“The #2amt conversation became a successful methodology almost accidentally for innovative brainstorming because it quickly synthesized a broad range of perspectives on a broad range of topics. It combined the brainpower of theatre producers, funders & patrons, promoters, and critics to solve common problems from all angles at once. It was, and continues to be, an agile way to have a conversation… but the fact is that #2amt is not an accessible conversation for most theater makers to participate in, and conversations that come out of community groups like the Summit and the League of Chicago Theatres are still more potentially actionable than the high-level strategizing and future design brainstorms that #2amt is so good at.”
So here’s where I become a subjective participant of the conversation rather than an objective observer. In full disclosure, I’ve been contributing to the #2amt conversation for the past few months, and have on more than one occasion been promoted by the community. I can’t claim impartiality, but I will still try to be critical…
Unlike #edchat, topics discussed on #2amt aren’t moderated and don’t intentionally take place at any particular time or day, despite the “2am” moniker. Whether this is because the group of contributors is still relatively small, the hashtag’s usage is recent, or contributors lack the coordination or desire is unclear. However, the 2amt blog is strictly moderated. Blog authors are currently limited to #2amt founders, although guest posts have been requested from active #2amt contributors. The contents of the blogroll are outsourced to the community, and is open for anyone to join. No data was available to compare readership of the 2amt blog versus the edchat wiki.
The #2amt tweets show a remarkable difference in frequency and content compared to the #edchat tweets (raw data file). In order to analyze a statistically significant number of tweets by #2amt, I had to expand my length of time from one week, to #2amt’s history of about 4 months.The data set also stops May 11 (because, uh, the paper was due May 13 ).
Average tweets per user per month increased steadily for the community’s first three months, and then dropped considerably in April (and the first 1/3 of May). It’s possible that this level of engagement wasn’t sustainable for the community.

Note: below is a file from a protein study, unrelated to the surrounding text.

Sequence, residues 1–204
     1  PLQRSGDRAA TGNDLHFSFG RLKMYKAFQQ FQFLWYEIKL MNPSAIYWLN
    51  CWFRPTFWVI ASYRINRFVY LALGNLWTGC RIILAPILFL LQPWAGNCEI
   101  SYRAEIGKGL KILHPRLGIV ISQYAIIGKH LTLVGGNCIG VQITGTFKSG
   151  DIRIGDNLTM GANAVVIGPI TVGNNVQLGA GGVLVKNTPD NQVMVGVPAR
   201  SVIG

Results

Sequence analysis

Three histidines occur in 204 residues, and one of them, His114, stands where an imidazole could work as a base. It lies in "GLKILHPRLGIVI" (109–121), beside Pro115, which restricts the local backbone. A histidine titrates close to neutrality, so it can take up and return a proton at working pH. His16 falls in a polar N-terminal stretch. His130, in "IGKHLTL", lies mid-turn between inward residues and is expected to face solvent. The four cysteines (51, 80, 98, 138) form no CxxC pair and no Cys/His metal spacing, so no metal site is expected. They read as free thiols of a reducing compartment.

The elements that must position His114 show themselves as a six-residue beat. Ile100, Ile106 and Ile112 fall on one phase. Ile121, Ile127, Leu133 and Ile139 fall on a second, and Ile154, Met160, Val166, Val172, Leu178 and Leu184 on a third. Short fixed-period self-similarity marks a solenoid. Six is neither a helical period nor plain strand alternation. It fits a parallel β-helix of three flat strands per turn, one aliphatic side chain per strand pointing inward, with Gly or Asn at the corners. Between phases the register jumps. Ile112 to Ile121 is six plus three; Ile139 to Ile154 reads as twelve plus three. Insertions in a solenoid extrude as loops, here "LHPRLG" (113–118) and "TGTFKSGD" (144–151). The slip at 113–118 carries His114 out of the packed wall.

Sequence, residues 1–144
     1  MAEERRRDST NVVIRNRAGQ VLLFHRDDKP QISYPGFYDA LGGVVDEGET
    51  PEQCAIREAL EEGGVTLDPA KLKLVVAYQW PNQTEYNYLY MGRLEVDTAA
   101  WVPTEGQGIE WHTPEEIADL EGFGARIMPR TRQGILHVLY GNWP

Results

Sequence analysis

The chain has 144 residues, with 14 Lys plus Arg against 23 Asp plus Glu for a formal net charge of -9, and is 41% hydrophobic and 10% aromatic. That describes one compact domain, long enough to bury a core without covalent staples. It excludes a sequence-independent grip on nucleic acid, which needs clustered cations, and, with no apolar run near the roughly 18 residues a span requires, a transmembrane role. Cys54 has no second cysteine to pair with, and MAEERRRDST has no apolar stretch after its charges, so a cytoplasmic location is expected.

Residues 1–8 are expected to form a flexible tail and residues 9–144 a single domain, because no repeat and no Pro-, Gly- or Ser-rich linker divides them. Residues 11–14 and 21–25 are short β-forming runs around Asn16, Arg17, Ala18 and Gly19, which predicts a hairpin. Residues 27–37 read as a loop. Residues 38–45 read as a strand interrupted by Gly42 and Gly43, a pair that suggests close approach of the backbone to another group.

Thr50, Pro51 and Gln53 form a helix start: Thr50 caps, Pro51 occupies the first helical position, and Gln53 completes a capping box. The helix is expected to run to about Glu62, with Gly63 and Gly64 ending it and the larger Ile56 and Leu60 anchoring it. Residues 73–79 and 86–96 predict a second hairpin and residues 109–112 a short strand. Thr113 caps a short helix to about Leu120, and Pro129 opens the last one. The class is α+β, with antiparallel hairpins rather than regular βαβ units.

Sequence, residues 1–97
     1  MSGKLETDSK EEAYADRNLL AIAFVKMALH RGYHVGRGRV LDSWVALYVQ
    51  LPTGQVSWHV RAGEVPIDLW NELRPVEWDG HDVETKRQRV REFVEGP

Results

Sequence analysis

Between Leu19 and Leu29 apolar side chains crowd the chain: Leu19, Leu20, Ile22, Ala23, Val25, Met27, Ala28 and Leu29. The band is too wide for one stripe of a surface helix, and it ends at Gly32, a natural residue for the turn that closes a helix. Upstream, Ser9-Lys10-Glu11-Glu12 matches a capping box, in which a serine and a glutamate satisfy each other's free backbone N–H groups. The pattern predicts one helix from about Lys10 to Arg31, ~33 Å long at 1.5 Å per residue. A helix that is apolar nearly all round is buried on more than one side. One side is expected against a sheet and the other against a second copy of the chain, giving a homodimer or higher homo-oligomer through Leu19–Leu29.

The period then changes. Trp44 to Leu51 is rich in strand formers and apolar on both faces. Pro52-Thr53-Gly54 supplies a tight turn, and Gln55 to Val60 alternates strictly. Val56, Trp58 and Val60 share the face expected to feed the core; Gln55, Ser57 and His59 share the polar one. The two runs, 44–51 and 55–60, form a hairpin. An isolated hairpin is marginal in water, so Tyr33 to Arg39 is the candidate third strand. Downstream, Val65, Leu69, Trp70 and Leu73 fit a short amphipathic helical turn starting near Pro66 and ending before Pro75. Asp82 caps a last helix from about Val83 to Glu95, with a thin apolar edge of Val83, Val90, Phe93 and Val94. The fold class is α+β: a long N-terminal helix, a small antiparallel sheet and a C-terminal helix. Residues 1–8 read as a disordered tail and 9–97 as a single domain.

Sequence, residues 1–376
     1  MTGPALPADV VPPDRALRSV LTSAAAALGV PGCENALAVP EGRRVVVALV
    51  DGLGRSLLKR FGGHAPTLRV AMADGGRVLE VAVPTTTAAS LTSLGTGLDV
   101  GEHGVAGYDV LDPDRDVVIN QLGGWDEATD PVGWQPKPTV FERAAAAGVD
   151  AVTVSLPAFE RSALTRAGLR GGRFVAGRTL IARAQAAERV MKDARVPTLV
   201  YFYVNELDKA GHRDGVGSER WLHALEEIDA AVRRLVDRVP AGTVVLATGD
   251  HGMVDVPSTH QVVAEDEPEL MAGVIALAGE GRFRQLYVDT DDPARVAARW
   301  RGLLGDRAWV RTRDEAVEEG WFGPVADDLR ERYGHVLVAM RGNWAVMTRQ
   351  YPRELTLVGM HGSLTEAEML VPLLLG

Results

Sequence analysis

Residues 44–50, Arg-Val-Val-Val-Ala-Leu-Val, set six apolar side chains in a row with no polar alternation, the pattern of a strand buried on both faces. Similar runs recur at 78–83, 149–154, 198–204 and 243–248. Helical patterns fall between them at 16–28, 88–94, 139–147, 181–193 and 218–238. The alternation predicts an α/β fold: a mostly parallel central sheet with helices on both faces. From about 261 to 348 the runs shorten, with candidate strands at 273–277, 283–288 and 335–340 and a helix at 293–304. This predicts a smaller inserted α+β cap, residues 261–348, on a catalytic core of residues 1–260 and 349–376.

March also saw a marked difference in the distribution of content types, where replies to another user accounted for an astonishing 70% of all conversations. The #2amt community seems to be more engaged in back-and-forth conversations than the #edchat community. They have approximately 3 times the number of replies, and only ½ the times of Retweets or shared links. This is likely a function of a smaller, tighter-knit community. While users may be engaging more with each other, it seems likely they are sacrificing external viewpoints from related websites/articles.
While #edchat contributors average 4 tweets per week, #2amt contributors are average about 9 tweets per month. It’s unclear without more analysis if this is a function of how new, small, or decentralized #2amt is.
However, the distribution of new and returning visitors was roughly equal in March and April, limiting the likelihood that users were “turned off” by March’s conversation volume. There’s also an interesting “snowball” effect where the total number of users participating in the #2amt conversation is growing each month, driven by an ever-widening circle of “new users” (defined as someone who didn’t contribute in the previous month(s).
Again with the Wordle. This time, user names dominate the picture (and who else but David Loehr at the center). Also easy to spot Chicago and new play related themes.
Of the top 10 most used (non-common) words in tweets, more than 70% referenced theatre-specific terminology. These informal conversations tied to a narrow topic may serve to preserve strong group affiliation at an early stage in the group’s development.
Contributors to #2amt demonstrate far less diversity than #edchat contributors. I again chose 14 tweets as the cutoff point for “engaged users,” (although the #2amt time span is extended to just over 4 months, compared to the #edchat data at 7 days).
Males account for the majority of engaged users, a plurality are currently residing in Chicago, IL (the hometown of founder Nick Keenan), and only 2 users come from beyond North America. However, as the online network grows, it is already expressing geographic diffusion beyond the Midwest to both US coasts and several major metropolitan cities.
Another wordle showing how #2amt contributors describe themselves, revealing an abundance of directors, actors, and playwrights. Anecdotally, theatre practitioners are relatively evenly split between male and female, while disciplines and functions within theatre tend to follow gender lines (i.e. costume designers and marketing directors tend to be female, critics and production managers tend to be male, etc). This could be the reason for the uneven gender split among #2amt contributors currently.
The top 46 users account for 87% of tweets, but only 13% of users—a fitting approximation of Pareto’s 80/20 rule . Total followers among these most active contributors is 33,725, average follower count is 733, while they range in popularity from 100-8,000 followers, with a standard deviation of 1,178. They have tweeted an average of 3,573 times. Compared to #edchat, contributors to #2amt are about half as influential, and a quarter less prolific over their lifetime on Twitter, but much more similar to each other than to the general Twitter population.